Coordinating Minister for the Economy and Minister for Finance , Dr Ngozi Okonjo-Iweala has called for the creation of a bank that will cater exclusively for the financing need of women. She made this call in a keynote address at the 2nd African Women Economic Summit in Lagos last week.
Meanwhile, The Central Bank of Nigeria (CBN) will launch a special fund for micro, small and medium (MSME) enterprises in October. CBN Governor, Mallam Lamido Sanusi disclosed this saying fund will replace the old agricultural credit guarantee scheme and 60 per cent of it will be dedicated for women entrepreneurs.
Reiterating the apex bank’s support for women in businesses, he said, “I am not one of those that believe that all men are better than women or that women are better than men. You need to both to have diversity on the board. Any board that has a combination of men and women is better than any one that has men only or women only.
The central bank has proposed to set up a micro small and medium enterprises (SME) fund which 60 per cent will be for women empowerment. This fund is expected to replace the old agricultural credit guarantee scheme that we have had. When this fund is launched, at least 60 per cent of the loan will go to women business owners at single-digit interest rate.
Hopefully, by October this year, when we all come back from the World Bank meetings, it will be inaugurated.” In her address, Okonjo-Iweala said it is no longer a debate on whether there should be any investment on women, since such investment is the only way to sustain current growth across Africa.
She said even though Africa has produced two women Presidents in Liberia and Malawi, women’s participation in politics and governance is still too low, giving their strategic role and number. “Women are the third largest emerging markets in the globe. (They are) the third largest sources of growth. One of the fastest ways to sustain current growth is to invest in women, at least this will grow the Gross Domestic Product (GDP),” she said.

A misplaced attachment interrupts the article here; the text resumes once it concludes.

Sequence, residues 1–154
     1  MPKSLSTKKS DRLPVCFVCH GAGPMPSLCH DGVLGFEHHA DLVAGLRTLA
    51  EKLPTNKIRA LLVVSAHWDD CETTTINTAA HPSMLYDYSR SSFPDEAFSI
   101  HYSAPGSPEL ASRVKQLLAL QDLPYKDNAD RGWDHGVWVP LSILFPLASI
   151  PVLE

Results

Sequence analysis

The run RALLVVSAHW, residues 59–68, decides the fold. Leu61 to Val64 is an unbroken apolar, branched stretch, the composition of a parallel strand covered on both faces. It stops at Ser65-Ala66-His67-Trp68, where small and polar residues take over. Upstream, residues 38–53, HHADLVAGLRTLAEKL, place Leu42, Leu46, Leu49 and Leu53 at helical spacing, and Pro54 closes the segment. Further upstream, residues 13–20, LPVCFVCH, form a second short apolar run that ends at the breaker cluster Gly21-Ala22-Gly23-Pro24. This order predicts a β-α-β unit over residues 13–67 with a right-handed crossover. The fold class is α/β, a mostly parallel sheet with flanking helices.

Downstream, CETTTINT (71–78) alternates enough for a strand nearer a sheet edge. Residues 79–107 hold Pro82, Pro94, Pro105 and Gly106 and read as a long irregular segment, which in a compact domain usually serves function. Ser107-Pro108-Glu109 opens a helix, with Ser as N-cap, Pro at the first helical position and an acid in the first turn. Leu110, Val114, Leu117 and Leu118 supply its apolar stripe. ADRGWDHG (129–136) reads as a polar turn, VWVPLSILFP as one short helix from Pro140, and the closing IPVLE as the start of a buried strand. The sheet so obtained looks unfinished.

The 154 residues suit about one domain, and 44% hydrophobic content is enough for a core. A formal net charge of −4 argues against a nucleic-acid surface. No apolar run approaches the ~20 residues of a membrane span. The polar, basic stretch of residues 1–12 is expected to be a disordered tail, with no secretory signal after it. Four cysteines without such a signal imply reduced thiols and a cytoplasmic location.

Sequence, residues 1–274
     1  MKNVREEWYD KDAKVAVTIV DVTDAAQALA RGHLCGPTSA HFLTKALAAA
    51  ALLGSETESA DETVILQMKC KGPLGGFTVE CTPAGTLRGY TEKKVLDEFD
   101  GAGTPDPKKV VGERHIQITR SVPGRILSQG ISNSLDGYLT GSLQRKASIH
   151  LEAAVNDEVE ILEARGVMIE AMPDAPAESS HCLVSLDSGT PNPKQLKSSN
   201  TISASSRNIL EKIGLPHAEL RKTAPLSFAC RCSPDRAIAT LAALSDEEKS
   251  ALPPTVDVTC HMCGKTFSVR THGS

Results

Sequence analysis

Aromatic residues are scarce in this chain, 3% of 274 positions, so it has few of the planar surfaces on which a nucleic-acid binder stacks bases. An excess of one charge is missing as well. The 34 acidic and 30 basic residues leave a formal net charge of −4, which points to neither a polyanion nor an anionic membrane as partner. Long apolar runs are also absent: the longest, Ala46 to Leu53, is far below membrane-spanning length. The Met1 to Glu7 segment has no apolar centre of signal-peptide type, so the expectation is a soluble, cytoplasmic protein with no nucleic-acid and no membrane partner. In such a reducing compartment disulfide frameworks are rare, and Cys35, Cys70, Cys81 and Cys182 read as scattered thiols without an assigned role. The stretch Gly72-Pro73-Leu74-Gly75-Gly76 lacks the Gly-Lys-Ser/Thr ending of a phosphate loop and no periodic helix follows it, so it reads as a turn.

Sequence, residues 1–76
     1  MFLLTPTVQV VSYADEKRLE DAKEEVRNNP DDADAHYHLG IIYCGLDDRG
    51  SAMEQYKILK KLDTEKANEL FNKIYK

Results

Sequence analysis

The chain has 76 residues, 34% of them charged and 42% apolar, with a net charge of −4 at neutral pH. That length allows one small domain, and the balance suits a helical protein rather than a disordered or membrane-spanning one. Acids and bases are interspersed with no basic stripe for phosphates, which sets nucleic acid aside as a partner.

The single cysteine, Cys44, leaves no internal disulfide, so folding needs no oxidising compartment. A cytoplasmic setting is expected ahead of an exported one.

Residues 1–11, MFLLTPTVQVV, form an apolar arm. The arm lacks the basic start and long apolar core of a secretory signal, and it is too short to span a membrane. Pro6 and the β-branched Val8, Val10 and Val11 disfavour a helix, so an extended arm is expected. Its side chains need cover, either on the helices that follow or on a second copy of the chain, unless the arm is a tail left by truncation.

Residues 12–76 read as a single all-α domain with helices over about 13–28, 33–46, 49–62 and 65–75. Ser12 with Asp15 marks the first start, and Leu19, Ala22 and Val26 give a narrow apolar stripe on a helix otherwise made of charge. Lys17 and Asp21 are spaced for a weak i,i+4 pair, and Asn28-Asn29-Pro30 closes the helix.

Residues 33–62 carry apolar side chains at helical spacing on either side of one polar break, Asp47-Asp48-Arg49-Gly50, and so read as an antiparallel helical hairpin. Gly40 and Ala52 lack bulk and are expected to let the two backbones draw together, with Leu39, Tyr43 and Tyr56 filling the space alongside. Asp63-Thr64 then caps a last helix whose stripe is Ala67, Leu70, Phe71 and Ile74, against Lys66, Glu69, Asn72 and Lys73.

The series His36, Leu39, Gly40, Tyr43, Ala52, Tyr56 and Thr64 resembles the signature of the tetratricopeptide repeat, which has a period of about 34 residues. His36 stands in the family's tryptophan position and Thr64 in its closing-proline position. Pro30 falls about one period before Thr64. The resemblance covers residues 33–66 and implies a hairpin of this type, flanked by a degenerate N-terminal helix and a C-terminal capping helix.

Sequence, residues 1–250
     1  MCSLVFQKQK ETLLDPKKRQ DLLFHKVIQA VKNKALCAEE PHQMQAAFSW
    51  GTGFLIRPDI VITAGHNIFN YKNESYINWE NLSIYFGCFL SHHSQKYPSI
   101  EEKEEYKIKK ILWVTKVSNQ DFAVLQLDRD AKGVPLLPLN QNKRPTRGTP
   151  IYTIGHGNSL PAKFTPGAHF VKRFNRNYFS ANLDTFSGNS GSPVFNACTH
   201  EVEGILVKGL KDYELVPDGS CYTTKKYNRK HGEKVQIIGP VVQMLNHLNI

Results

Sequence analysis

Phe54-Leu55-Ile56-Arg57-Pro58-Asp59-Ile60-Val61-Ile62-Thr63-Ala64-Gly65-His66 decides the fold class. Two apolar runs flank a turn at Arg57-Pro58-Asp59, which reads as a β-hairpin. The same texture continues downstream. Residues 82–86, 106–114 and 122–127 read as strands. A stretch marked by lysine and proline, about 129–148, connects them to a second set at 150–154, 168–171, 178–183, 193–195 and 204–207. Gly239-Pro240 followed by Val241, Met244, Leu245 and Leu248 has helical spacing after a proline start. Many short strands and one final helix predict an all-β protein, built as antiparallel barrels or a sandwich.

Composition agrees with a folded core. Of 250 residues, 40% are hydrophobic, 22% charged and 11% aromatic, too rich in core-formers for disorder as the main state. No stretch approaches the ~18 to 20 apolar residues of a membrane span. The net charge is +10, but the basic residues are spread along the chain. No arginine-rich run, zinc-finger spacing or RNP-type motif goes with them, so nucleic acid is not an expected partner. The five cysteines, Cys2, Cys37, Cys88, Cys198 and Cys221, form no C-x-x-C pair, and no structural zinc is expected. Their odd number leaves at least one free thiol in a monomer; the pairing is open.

She said while the global economies were experiencing greater uncertainties as manifested in the economic crisis in Europe, United States and other emerging markets like China, Brazil and India, African economy is growing at 5%.
As a way out of the financial exclusion being experienced by women, she advocated for a specialised bank that will cater for the financial interest of women alone. “Let’s us be creative, let’s join hands together in other to solve women’s problems in financing. …Lets come together, because we are used to solving and coming together to empower ourselves,” Okonjo-Iweala said.
Also speaking at the summit, Vice-President, African Development Bank (AfDB), Cecilia Akintomide, who represented AfDB President Donald Kaberuka, said that participants at the summit should focus on solving other problems confronting women, including education, access to health and capacity building, saying without addressing these issues, women would continue to be relegated to the background.
“More than half of women who died during birth are from Africa. African women hold only 26% of small size businesses in sub-Saharan Africa, and on the global front only 15%, which is very low.
‘We are not going to participate fully in growing the economy without access to financing. Inclusion is very important. Unless we do the right thing, we may not be able to move forward as we want. Each one of us here has a responsibility to promote women empowerment,” she said.